Camargue or the Rhone Delta is a swampy region in the south of France, which has formed from deposition of sediments carried by the Rhone river as it flows toward the Mediterranean Sea. It covers an area of 930 km ² (145,300 ha), being one of the most highly protected deltas in the entire world. The whole region is actually included within the borders of the Camargue National Park, a protected area since 1970.
Camargue is home to a lot of very diverse animal species, although it is world-renowned for three species: a species of black cattle which are smaller and thinner than the one used for the corridas, the beautiful Cheval Camarguais, a species of local white horses, and the over 50.000 pink flamingos which visit the marshes during the summer months. Every year a Camargue Festival is organized in order to celebrate the entire region, this being the best proof that ecotourism and etnotourism are flawlessly implemented.
We set out on our expedition from the city of Arles, which is situated on the northern border of the Camargue area. We contracted a company specialized in local safaris, which can take place either in the morning (9:00-13:00) or in the afternoon (14:00-18:00); either way reservations have to be made 1-2 days in advance, depending on the season. The safari takes place in Land Rover Defender 4×4 trucks, which are modified so that visitors can freely observe and photograph the park’s fauna. The roofs of the cars are removed so you get an open-air feeling, and as a bonus, it is sufficient to stand up in order to get an excellent observation point. A single safari takes around 4 hours (which practically seem to fly by) and includes a 30-minute stop in Saint Maries de la Mer. From my point of view, it is sufficient time to take the photographs you want, but if you are not a photography enthusiast, you will also have plenty of things to see, experience and take a few snaps on.
The Camargue Horses
The first area of the national park we visited was a suburb of the city of Arles that is mainly used for agriculture and where you can find many farms (Mas) which offer horseback and carriage rides through the reservation. It is here that we had the pleasure of meeting the famous white horses of Camargue as well as the Guardians of Camargue. In order to become a guardian of Camargue you must start your training from a young age and we had the opportunity of seeing an equitation school for young children, which were also being taught how to care for these magnificent animals. We were told that it takes a special kind of training which is quite difficult, in order to manage and ride these wild horses.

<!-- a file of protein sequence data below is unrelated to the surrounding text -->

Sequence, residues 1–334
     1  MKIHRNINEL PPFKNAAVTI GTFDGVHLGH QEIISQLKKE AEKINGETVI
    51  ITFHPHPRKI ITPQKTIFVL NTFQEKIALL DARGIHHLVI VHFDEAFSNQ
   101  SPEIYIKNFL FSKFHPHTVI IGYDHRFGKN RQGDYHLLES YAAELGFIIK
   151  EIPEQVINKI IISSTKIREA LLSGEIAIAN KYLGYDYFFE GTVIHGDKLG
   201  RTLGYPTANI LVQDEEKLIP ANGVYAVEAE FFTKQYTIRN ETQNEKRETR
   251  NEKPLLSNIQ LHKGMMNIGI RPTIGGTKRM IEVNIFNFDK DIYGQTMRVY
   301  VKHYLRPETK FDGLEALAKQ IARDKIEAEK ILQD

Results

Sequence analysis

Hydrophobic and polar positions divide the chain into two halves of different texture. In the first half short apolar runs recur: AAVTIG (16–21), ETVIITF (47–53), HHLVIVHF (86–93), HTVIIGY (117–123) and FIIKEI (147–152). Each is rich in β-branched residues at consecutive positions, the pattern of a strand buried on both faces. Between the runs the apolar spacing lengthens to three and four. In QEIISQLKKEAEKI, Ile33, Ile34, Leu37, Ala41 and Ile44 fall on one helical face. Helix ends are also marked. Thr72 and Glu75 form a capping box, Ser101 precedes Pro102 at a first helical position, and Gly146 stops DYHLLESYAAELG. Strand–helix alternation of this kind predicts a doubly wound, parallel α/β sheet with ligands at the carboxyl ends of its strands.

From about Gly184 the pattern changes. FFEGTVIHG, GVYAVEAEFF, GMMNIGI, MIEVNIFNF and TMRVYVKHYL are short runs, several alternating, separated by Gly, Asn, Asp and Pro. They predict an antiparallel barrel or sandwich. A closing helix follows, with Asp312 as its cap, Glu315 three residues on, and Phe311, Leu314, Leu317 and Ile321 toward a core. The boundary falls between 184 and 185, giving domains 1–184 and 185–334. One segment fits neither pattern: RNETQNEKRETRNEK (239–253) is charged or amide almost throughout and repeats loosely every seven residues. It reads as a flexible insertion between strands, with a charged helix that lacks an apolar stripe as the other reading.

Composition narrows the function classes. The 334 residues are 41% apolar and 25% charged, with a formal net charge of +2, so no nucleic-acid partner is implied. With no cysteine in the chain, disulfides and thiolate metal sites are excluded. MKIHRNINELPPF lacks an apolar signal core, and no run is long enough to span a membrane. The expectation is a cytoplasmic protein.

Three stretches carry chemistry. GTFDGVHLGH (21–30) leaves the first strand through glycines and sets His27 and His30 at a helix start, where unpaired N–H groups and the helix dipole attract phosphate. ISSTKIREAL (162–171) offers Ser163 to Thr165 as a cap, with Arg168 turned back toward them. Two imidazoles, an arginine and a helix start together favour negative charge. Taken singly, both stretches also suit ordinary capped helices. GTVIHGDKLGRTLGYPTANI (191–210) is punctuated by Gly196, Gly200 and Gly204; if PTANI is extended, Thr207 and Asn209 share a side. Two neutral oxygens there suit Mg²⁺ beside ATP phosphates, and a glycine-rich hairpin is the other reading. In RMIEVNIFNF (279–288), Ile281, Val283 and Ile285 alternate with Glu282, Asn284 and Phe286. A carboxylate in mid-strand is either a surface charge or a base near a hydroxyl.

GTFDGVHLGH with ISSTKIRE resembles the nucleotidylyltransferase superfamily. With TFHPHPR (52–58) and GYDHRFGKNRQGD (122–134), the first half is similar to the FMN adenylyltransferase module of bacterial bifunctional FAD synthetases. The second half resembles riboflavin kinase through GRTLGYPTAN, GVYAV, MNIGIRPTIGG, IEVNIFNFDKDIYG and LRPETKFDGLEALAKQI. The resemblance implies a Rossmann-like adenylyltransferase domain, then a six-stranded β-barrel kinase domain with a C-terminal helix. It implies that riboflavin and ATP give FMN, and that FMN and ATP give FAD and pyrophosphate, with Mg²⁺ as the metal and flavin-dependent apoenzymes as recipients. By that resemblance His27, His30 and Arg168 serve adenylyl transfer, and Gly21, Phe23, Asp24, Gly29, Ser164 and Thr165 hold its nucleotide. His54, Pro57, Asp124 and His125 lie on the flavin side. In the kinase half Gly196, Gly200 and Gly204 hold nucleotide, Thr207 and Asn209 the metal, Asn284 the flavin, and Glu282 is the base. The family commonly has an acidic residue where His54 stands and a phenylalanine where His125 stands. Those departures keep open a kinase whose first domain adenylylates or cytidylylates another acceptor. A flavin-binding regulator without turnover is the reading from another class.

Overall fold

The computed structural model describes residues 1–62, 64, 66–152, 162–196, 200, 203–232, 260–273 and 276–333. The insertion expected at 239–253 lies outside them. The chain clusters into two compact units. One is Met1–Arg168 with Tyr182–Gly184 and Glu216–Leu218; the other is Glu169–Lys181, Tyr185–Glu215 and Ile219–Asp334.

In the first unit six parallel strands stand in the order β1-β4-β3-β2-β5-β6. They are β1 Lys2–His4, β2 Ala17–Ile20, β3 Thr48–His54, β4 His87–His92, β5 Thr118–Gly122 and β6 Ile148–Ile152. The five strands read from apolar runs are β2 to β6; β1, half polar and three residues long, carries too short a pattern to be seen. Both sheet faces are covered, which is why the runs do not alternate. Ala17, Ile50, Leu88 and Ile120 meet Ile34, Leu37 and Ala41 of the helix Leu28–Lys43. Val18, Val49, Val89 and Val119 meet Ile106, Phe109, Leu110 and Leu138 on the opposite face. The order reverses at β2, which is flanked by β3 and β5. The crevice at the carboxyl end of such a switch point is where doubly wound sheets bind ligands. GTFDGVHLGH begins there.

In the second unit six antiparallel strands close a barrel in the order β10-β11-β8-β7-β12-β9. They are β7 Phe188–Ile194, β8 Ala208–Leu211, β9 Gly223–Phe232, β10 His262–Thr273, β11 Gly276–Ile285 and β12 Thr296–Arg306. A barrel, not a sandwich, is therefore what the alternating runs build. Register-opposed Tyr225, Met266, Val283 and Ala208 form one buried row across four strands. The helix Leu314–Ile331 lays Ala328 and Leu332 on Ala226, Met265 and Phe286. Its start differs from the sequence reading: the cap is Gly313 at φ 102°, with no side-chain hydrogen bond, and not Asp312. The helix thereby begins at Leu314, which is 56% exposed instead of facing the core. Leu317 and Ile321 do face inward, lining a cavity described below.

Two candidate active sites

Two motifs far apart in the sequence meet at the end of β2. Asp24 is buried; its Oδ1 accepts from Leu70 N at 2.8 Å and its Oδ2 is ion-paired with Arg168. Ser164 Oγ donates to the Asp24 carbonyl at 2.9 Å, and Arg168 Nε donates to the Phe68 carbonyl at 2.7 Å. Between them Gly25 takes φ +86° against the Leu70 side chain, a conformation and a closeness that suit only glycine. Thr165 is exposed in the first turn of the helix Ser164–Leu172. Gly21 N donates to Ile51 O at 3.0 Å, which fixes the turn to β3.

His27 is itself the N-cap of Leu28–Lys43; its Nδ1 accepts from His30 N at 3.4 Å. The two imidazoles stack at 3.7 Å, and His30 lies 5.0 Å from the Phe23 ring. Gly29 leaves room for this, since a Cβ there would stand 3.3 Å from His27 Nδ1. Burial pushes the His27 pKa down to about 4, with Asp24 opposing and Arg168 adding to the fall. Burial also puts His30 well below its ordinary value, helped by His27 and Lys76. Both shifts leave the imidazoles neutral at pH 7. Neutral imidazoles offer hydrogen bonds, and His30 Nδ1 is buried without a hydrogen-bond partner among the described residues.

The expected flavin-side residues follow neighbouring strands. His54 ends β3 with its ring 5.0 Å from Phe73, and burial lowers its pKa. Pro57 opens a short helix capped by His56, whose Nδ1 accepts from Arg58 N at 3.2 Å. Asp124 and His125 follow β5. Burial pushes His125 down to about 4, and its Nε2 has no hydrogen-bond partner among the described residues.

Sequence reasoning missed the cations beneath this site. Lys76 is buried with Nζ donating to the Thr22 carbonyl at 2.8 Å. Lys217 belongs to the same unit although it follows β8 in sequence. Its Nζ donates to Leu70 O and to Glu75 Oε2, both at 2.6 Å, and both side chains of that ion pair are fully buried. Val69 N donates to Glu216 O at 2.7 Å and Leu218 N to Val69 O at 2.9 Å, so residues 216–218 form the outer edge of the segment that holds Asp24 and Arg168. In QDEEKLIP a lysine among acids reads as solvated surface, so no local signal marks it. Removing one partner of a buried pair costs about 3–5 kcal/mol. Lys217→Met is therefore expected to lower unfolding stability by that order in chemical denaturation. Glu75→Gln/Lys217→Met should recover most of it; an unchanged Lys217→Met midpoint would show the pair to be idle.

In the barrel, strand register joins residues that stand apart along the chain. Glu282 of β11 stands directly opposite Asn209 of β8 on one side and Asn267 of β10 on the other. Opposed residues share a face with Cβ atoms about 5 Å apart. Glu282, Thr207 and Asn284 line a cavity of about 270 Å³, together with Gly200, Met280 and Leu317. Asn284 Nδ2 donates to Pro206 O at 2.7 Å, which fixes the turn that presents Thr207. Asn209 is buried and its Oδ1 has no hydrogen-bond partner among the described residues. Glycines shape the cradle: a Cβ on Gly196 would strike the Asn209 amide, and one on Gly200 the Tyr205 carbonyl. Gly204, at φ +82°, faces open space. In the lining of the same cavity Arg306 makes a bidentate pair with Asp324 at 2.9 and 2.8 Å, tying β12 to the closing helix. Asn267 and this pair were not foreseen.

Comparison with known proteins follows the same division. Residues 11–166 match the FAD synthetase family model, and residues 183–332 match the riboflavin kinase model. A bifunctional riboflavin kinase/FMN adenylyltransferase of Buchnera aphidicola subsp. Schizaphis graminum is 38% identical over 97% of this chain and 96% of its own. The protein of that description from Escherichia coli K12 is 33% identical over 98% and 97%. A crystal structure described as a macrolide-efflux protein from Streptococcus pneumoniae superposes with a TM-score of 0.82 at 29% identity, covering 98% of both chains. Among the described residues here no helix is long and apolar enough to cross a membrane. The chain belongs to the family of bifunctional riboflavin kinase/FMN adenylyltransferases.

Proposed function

The Camargue horses are predominantly white but we also found out that when they are born their color is dark brown. As they grow, their color turns from brown to a light gray, and they finally turn white when they reach maturity. The horses are free and only the stallions are used for riding and pulling carriages; the mares and the colts are left to enjoy their freedom, they never enter the stables and the feed mainly on the wild grass of the brackish planes. The mares get pregnant every year, giving birth to a single colt (two colts on very rare occasions).
Once per year, in the autumn, the horses are rounded up, checked and marked in special holding pens. It is also the time when a local celebration takes place in the region, livening up everyone and everything. A Manada in Provance is truly a spectacle: the word describes a herd of cattle or horses that roam the swampy area of Camargue, all under the supervision of a Camargue guardian.
When we finally arrived in Saint Maries de la Mer we took a short walk through the city and saw the famous arenas where the corridas take place. Although shrouded in controversy, these corridas are a part of the Camargue tradition and have the goal of developing local tourism.
The Camargue Bulls
Camargue is home to a unique species of cattle. The Camargue bulls represent a species of cattle that has adapted to this particular environment. They live in semi-freedom, being mainly raised for the superior quality of their meat. There are even a couple of original dishes prepared solely with the meat of these cattle, dishes which are also very appreciated by the tourists.